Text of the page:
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dc.contributor.authorBakre, Aishat
dc.contributor.authorSong, Yiqing
dc.contributor.authorClifford, Angela
dc.contributor.authorChen, Anthony
dc.contributor.authorSmith, Tina
dc.contributor.authorWan, Yuhui
dc.contributor.authorDevlin, Linda
dc.contributor.authorTang, James
dc.contributor.authorZhou, Weiju
dc.contributor.authorDanat, Isaac M
dc.contributor.authorHu, Zhi
dc.contributor.authorChen, Ruoling
dc.date.accessioned2019-10-08T11:28:36Z
dc.date.available2019-10-08T11:28:36Z
dc.date.issued2018-11-19
dc.identifier.citationA.T. Bakre ; Y. Song ; A. Clifford ; A. Chen ; T. Smith ; Y. Wan ; L. Devlin ; J. Jie Tang ; W. Zhou ; I.M. Danat ; Z. Hu ; R. Chen (2018) Determinants of fish consumption in older people: a community-based cohort study, The Journal of Aging Research and Clinical Practice, 7, pp. 163-175. http://dx.doi.org/10.14283/jarcp.2018.27en
dc.identifier.issn2273-421Xen
dc.identifier.doi10.14283/jarcp.2018.27en
dc.identifier.urihttp://hdl.handle.net/2436/622801
dc.description.abstractObjectives: Habitual fish consumption and its determinants in older people have not been well investigated. We addressed these issues through a population-based cohort study. Methods: In 2001-2003 we interviewed a random sample of 3336 residents aged ≥60 years in China, documenting socioeconomic status (SES) and disease risk factors. In 2007-2009 we re-interviewed 1757 survivors, additionally surveying average self-reported intake of fish over the past two years. Results: Of 1757 participants, 1697 responded to the fish consumption questionnaire; 23.0% of whom had “never eat” fish, 43.4% “once a week”, 26.9% “more than twice a week”, and 6.7% “≥once a day”. There was an inverse association of fish consumption with older age (multivariate adjusted odds ratio 0.64 [95% CI 0.45-0.92] and 0.35 [0.24-0.52] at ages of 75-79, and ≥80 years), female gender (0.63, 0.47-0.84), smoking (0.65, 0.48-0.88), living in a rural area (0.10, 0.07-0.15), having educational level of ≤primary school (0.10, 0.05-0.19), occupation of peasant (0.08, 0.05-0.14), low income (0.11, 0.07-0.18), financial difficulties (0.25, 0.18-0.34), being never married/divorced (0.48, 0.28-0.81), having undetected hypertension (0.71, 0.55-0.91), depression (0.50, 0.29-0.84) and dementia (0.64, 0.41-0.98). However, participants with central obesity and heart disease at baseline had increased odds of fish consumption. Separate data analysis for different levels of fish consumption showed a dose-response trend for these associations. Conclusion: In older Chinese, there are large socioeconomic inequalities, and certain lifestyle, psychosocial factors and health-related conditions are strong determinants of fish consumption. Such information is important for future development or refinement of effective dietary interventions targeting older adults.en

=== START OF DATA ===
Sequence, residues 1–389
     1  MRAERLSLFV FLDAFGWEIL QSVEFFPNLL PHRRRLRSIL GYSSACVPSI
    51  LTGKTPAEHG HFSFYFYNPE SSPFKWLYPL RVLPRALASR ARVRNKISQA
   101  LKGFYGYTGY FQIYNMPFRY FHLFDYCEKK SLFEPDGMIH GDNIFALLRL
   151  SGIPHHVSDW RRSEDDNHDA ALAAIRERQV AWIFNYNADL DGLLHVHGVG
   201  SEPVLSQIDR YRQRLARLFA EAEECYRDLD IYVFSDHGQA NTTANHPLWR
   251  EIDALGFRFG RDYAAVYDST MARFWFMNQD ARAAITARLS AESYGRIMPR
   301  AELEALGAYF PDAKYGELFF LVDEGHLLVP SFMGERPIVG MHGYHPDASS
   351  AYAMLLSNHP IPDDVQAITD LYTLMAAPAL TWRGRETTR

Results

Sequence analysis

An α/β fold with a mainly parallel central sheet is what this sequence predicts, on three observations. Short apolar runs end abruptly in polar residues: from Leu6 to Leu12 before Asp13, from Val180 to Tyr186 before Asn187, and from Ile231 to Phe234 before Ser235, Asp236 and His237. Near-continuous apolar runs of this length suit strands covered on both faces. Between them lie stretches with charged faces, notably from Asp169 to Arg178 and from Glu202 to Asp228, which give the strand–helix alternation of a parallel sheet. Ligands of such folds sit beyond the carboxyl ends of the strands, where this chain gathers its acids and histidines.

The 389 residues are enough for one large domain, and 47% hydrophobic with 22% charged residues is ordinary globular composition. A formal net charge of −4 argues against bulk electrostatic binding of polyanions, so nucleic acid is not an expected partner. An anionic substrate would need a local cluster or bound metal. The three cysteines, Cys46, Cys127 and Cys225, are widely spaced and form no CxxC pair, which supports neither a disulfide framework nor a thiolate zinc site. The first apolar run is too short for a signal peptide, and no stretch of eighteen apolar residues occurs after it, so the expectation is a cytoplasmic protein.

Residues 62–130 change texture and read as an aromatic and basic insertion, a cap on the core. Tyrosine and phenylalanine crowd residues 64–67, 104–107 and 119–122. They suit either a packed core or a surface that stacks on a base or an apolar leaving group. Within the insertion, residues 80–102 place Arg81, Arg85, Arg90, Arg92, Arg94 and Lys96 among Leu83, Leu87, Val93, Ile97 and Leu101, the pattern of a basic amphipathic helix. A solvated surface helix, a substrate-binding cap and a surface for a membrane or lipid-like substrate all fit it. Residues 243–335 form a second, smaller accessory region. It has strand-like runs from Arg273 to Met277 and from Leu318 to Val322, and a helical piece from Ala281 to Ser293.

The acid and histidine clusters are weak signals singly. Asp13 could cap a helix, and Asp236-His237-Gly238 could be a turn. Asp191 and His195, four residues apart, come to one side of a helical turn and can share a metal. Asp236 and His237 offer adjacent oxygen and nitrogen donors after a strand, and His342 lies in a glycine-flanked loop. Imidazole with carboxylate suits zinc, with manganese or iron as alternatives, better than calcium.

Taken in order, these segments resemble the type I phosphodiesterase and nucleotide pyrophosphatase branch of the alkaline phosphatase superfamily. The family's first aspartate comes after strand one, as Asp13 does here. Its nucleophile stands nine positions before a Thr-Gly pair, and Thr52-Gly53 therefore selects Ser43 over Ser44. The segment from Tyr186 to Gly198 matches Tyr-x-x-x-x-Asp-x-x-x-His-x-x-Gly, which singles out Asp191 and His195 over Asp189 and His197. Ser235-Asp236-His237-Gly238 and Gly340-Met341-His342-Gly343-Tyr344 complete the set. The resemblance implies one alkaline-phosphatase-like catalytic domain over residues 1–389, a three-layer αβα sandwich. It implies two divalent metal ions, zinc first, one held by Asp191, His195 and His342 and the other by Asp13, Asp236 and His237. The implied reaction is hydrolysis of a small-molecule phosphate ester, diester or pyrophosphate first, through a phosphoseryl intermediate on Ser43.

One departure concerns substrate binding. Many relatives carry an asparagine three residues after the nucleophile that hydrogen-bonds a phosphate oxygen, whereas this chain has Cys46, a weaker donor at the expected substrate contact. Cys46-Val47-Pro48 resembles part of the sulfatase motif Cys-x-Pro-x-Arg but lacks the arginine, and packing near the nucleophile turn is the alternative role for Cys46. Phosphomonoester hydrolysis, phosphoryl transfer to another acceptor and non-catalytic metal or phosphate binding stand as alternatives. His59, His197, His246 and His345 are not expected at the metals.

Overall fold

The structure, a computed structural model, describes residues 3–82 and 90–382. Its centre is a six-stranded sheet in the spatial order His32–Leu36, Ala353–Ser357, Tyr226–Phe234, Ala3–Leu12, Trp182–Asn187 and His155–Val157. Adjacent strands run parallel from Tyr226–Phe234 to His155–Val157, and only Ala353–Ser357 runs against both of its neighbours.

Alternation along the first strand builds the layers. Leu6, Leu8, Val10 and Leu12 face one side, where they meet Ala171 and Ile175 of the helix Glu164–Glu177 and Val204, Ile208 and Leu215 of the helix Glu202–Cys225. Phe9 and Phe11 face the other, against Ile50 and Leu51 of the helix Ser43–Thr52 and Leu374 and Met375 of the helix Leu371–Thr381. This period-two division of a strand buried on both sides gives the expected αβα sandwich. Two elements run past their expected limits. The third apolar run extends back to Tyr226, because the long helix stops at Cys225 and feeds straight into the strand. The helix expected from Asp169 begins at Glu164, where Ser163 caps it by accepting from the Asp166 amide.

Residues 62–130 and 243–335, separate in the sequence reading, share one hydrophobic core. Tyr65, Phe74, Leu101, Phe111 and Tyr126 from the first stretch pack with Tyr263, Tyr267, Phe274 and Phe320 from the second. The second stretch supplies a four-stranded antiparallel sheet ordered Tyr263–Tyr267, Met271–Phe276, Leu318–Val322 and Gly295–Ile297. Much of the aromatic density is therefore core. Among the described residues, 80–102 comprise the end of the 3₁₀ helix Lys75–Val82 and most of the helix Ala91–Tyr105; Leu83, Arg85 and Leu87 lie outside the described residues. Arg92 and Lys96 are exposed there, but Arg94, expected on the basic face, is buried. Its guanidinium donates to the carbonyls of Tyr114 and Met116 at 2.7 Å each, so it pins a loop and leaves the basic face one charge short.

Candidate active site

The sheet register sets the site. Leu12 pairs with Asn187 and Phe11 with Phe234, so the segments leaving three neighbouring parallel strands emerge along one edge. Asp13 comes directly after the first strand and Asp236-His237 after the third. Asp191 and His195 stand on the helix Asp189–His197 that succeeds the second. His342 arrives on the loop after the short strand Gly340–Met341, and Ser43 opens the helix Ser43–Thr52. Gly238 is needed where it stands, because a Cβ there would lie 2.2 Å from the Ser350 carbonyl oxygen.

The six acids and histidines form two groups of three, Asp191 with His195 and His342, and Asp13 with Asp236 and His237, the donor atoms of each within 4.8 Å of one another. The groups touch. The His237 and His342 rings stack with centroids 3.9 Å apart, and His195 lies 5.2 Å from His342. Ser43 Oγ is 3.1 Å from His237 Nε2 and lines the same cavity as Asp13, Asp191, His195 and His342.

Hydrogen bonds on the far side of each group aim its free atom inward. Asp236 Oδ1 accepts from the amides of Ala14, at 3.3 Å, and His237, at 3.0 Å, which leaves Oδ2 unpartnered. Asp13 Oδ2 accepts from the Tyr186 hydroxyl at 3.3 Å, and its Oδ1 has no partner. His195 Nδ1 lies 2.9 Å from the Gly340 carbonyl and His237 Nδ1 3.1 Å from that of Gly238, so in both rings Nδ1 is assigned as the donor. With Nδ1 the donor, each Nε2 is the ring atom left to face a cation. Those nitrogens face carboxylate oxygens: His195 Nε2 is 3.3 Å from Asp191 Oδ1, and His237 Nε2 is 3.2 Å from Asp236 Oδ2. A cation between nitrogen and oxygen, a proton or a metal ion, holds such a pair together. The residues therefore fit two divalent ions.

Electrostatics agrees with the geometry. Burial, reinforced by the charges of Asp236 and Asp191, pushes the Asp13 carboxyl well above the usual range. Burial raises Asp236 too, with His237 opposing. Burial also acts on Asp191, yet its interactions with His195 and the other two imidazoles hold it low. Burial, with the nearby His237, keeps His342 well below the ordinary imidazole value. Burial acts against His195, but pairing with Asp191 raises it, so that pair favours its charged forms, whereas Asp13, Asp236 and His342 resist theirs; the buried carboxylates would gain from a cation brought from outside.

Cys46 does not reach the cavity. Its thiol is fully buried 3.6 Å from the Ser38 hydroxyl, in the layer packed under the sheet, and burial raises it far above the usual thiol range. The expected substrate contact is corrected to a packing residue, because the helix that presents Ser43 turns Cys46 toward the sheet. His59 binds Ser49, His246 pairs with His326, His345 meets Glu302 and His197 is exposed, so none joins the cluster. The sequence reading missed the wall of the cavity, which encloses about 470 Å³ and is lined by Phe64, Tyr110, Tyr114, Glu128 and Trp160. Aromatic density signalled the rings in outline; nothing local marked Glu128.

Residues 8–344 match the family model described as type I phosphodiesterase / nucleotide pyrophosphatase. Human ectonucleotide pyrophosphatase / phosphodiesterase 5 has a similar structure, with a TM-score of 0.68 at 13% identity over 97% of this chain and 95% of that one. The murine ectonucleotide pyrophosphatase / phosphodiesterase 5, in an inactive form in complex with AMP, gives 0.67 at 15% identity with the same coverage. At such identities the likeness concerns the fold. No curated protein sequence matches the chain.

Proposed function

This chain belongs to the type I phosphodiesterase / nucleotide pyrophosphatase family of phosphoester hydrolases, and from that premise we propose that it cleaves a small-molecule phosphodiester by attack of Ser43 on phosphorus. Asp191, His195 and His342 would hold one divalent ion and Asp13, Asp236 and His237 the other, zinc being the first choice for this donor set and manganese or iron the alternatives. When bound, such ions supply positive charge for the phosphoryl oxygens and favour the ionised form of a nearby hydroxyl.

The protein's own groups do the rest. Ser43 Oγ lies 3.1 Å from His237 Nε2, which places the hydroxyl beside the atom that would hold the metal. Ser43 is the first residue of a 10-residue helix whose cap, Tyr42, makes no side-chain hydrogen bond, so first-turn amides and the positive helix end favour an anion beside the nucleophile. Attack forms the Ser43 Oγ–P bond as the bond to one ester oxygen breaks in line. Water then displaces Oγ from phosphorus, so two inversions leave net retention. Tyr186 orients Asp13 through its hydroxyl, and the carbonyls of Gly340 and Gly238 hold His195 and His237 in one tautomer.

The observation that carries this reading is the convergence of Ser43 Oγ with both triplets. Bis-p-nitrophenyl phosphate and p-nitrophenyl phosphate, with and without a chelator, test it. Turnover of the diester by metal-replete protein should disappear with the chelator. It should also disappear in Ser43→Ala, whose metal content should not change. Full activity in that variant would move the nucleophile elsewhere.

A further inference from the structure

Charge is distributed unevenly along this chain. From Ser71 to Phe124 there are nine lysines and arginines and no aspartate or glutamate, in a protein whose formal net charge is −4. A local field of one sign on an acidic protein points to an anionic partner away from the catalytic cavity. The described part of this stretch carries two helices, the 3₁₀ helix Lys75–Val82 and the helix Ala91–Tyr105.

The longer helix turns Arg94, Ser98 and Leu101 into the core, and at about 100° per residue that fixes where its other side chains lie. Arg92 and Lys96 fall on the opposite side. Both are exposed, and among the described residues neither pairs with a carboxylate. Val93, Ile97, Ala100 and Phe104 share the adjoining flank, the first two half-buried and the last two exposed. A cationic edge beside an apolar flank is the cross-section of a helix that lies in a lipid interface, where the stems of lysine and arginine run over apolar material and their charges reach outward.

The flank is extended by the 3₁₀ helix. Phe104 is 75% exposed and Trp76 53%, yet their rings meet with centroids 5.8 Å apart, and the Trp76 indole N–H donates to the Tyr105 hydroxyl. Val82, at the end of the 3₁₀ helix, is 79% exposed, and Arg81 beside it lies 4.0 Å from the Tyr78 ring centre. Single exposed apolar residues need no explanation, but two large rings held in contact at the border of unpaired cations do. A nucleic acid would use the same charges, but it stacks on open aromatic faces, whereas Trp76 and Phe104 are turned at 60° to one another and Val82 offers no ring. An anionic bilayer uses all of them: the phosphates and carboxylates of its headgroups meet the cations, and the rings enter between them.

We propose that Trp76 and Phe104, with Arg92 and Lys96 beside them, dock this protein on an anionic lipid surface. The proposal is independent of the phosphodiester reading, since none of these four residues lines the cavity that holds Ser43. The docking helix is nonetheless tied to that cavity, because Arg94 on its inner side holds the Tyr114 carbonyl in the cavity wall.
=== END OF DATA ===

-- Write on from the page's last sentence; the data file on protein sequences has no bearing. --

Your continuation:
dc.formatapplication/PDFen
dc.language.isoenen
dc.publisherJournal of Aging Research & Clinical Practiceen
dc.relation.urlhttp://www.jarcp.com/all-issues.html?article=548en
dc.subjectFish consumptionen
dc.subjectRisk factorsen
dc.subjectOlder Adultsen
dc.titleDeterminants of fish consumption in older people: a community-based cohort studyen
dc.typeJournal articleen
dc.identifier.journalJournal of Aging Research and Clinical Practiceen
dc.date.updated2019-09-19T12:56:32Z
dc.date.accepted2018-04-24
rioxxterms.funderUniversity of Wolverhamptonen
rioxxterms.identifier.projectUOW08102019JTen
rioxxterms.versionAMen
rioxxterms.licenseref.urihttps://creativecommons.org/licenses/by-nc-nd/4.0/en
rioxxterms.licenseref.startdate2019-10-08en
refterms.dateFCD2019-10-08T11:28:06Z
refterms.versionFCDAM
refterms.dateFOA2019-10-08T11:28:37Z


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